Arts, culture? Fitchburg's well on the way
October 24, 2018 : Sentinel & Enterprise, by Amanda Burke
FITCHBURG - City officials pounded pavement Tuesday morning on a walking tour of the newly designated "Fitchburg Arts and Cultural District," which for the next three years will benefit from a program aimed at spurring development in Gateway Cities.
The program, called the Transformative Development Initiative, is run by MassDevelopment, the state's quasi-public agency that works to stimulate economic growth in the state.
"It's like a business accelerator, but for places," said Noah Koretz, MassDevelopment's director of Transformative Development.
MassDevelopment last spring chose Fitchburg, Chelsea, Lawrence and Worcester to participate in the initiative.
It's a three-year program that will give Fitchburg opportunities for technical assistance, direct capital investment and grants to develop a particular area in the city.
Over the duration of the program, the initiative's partner organizations -- the city of Fitchburg, Fitchburg State University, NewVue Communities, the Montachusett Opportunity Council, the North Central Massachusetts Chamber of Commerce and Elite Construction -- will focus on developing real estate and the arts within the "Fitchburg Arts and Culture District," said Koretz.
The district is shaped like a circle. Its midpoint is near City Offices at 166 Boulder Drive and expands outward to the edge of Crocker Field, Lowe Playground, Prichard Street and Laurel Hill Cemetery.
As part of the program, MassDevelopment hired economic development professional Francisco Torres for three years.
Torres, who has offices in the Fitchburg Theater Block, started in the job in September. His sole job it to move the district closer to becoming a destination for arts and culture, and connect current or potential business owners with opportunities to begin or flourish.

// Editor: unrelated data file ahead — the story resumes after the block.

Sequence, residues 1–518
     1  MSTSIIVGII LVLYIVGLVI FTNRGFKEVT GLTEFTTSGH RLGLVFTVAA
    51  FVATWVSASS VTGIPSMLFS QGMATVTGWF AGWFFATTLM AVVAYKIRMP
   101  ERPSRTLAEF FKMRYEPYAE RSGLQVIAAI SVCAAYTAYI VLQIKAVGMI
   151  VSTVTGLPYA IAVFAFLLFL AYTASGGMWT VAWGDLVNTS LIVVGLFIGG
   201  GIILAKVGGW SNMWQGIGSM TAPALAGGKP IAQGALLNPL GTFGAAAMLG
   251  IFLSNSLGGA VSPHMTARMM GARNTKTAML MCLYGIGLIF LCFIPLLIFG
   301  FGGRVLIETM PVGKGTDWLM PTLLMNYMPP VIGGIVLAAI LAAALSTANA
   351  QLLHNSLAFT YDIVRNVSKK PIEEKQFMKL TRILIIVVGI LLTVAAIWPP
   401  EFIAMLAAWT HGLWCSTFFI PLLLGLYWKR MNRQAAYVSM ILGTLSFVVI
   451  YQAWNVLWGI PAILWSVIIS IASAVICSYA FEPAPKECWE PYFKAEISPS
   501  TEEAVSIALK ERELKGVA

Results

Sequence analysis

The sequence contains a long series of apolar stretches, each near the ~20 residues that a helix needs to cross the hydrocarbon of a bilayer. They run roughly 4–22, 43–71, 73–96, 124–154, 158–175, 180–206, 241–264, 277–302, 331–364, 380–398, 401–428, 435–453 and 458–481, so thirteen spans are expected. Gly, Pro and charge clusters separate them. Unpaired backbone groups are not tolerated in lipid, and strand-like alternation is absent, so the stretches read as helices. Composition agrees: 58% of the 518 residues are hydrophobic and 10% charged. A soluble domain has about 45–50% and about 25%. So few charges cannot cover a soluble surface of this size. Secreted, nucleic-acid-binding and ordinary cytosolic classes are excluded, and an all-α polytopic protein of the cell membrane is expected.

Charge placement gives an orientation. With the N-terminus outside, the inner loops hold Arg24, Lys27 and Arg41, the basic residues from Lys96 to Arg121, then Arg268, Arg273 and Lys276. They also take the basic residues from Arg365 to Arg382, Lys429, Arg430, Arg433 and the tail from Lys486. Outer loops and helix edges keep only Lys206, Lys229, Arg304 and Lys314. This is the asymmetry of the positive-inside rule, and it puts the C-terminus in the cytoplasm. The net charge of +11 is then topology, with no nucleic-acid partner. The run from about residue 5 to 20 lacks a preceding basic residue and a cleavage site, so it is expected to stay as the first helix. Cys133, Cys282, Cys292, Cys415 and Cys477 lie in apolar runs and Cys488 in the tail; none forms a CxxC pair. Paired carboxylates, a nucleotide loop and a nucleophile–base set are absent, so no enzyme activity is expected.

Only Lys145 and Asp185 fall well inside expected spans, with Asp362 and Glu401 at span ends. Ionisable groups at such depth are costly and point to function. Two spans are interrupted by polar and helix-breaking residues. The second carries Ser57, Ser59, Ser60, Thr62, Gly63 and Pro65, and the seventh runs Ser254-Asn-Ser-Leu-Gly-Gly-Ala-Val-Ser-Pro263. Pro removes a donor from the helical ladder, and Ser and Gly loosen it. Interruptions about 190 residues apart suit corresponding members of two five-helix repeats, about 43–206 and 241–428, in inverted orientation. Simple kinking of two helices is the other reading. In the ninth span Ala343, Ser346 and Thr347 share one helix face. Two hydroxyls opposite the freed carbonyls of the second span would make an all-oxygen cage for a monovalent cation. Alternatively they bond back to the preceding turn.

Officials pointed out a number of development projects already underway in the "Fitchburg Arts and Cultural District."
Jay Bry, vice president of finance and administration at Fitchburg State University, said the Theater Block isn't open to the public yet. But meetings are already being held on the second floor, home to the ideaLab.
Students will being taking classes on the second floor in the spring, he said, though renovation of the theater itself will be completed later.
The Theater Block will link downtown with the university, furthering the goal of making the about 1-mile stretch from FSU and Main Street the "most walkable and bikeable" area in the city, Economic Development Director Tom Skwierawski said.
Elite Construction, led by Matthew Fournier, will turn 409 Main St. into apartments and a restaurant at street level.
Up the street, old City Hall will be renovated and restored to municipal headquarters, freeing up the old General Electric building at 166 Boulder Drive, he said. The old Bank of America building next door, which is owned by the city, will also be municipal space.
Private developer Rick Boscardin has pulled building permits to turn the old Fitchburg Gas and Electric building into condos, according to Skwierawski.
On the final leg of the walking tour, officials stopped at the Fitchburg Art Museum. Across the street, construction was underway on the Fitchburg Arts Community, which is taking shape inside the old B.F. Brown school.
Once completed, the mixed-income community will house 70-80 tenants who each work in the field of the arts, as well as studio space.
According to the project's contractor, Fournier, the fire damage inside the building has been cleaned up, and a new roof will be put on in time for winter's snow.
Museum's Executive Director Nick Capasso said the Fitchburg Arts Community will attract arts entrepreneurs. Once completed, it and the FAM across the street will create something of a campus for the arts visually linked by outdoor art and sculptures.
Marc Dohan, executive director of NewVue Communities, which bought the long-vacant property this summer, said the artists colony will move the city closer to achieving its goal of becoming the destination for arts and culture in North Central Massachusetts.
"We have a promise to really create a hub for arts and culture that we've talked about for a long time," he said.
Koretz said developers thinking about buying or rehabbing a building in the "Fitchburg Arts and Cultural District" should reach out to Torres for guidance. (Torres can be reached at firstname.lastname@example.org.)
"What this isn't is MassDevelopment coming in and saying, here's what you need to do,"Koretz told city officials. "What this is is MassDevelopment coming in as a partnership and saying, what do you want to do and how can we help connect you with resources to make it happen."